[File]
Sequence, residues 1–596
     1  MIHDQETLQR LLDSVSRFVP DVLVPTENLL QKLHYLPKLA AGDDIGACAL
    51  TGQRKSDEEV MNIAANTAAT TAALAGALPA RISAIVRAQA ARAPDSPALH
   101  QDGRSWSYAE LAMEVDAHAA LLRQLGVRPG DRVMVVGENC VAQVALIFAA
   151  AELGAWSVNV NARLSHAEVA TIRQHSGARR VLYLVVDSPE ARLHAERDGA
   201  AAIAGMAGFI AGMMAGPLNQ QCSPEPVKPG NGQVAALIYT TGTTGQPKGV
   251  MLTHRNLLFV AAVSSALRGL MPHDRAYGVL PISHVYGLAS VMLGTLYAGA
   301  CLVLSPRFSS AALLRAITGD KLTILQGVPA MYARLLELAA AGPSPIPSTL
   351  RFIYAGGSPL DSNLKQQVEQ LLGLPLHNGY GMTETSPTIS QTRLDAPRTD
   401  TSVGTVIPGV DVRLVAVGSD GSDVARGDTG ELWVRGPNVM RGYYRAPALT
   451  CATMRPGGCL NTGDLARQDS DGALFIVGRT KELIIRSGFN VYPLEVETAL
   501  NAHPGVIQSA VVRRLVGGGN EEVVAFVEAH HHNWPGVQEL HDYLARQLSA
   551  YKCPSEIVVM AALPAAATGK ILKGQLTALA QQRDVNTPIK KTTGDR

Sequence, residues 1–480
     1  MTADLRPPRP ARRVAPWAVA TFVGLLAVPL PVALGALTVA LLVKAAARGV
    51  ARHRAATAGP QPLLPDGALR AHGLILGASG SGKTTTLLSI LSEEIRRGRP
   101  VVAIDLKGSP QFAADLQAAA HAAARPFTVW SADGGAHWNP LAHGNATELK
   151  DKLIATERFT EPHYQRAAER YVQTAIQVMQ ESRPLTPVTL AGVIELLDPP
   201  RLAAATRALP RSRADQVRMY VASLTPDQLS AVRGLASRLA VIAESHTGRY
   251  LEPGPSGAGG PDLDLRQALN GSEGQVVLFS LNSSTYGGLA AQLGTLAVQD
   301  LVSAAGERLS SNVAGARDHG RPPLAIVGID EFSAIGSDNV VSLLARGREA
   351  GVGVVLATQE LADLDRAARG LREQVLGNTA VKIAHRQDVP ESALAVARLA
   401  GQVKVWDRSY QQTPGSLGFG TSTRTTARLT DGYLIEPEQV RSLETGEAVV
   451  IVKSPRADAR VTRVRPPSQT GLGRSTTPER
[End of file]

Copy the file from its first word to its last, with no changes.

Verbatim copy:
Sequence, residues 1–596
     1  MIHDQETLQR LLDSVSRFVP DVLVPTENLL QKLHYLPKLA AGDDIGACAL
    51  TGQRKSDEEV MNIAANTAAT TAALAGALPA RISAIVRAQA ARAPDSPALH
   101  QDGRSWSYAE LAMEVDAHAA LLRQLGVRPG DRVMVVGENC VAQVALIFAA
   151  AELGAWSVNV NARLSHAEVA TIRQHSGARR VLYLVVDSPE ARLHAERDGA
   201  AAIAGMAGFI AGMMAGPLNQ QCSPEPVKPG NGQVAALIYT TGTTGQPKGV
   251  MLTHRNLLFV AAVSSALRGL MPHDRAYGVL PISHVYGLAS VMLGTLYAGA
   301  CLVLSPRFSS AALLRAITGD KLTILQGVPA MYARLLELAA AGPSPIPSTL
   351  RFIYAGGSPL DSNLKQQVEQ LLGLPLHNGY GMTETSPTIS QTRLDAPRTD
   401  TSVGTVIPGV DVRLVAVGSD GSDVARGDTG ELWVRGPNVM RGYYRAPALT
   451  CATMRPGGCL NTGDLARQDS DGALFIVGRT KELIIRSGFN VYPLEVETAL
   501  NAHPGVIQSA VVRRLVGGGN EEVVAFVEAH HHNWPGVQEL HDYLARQLSA
   551  YKCPSEIVVM AALPAAATGK ILKGQLTALA QQRDVNTPIK KTTGDR

Sequence, residues 1–480
     1  MTADLRPPRP ARRVAPWAVA TFVGLLAVPL PVALGALTVA LLVKAAARGV
    51  ARHRAATAGP QPLLPDGALR AHGLILGASG SGKTTTLLSI LSEEIRRGRP
   101  VVAIDLKGSP QFAADLQAAA HAAARPFTVW SADGGAHWNP LAHGNATELK
   151  DKLIATERFT EPHYQRAAER YVQTAIQVMQ ESRPLTPVTL AGVIELLDPP
   201  RLAAATRALP RSRADQVRMY VASLTPDQLS AVRGLASRLA VIAESHTGRY
   251  LEPGPSGAGG PDLDLRQALN GSEGQVVLFS LNSSTYGGLA AQLGTLAVQD
   301  LVSAAGERLS SNVAGARDHG RPPLAIVGID EFSAIGSDNV VSLLARGREA
   351  GVGVVLATQE LADLDRAARG LREQVLGNTA VKIAHRQDVP ESALAVARLA
   401  GQVKVWDRSY QQTPGSLGFG TSTRTTARLT DGYLIEPEQV RSLETGEAVV
   451  IVKSPRADAR VTRVRPPSQT GLGRSTTPER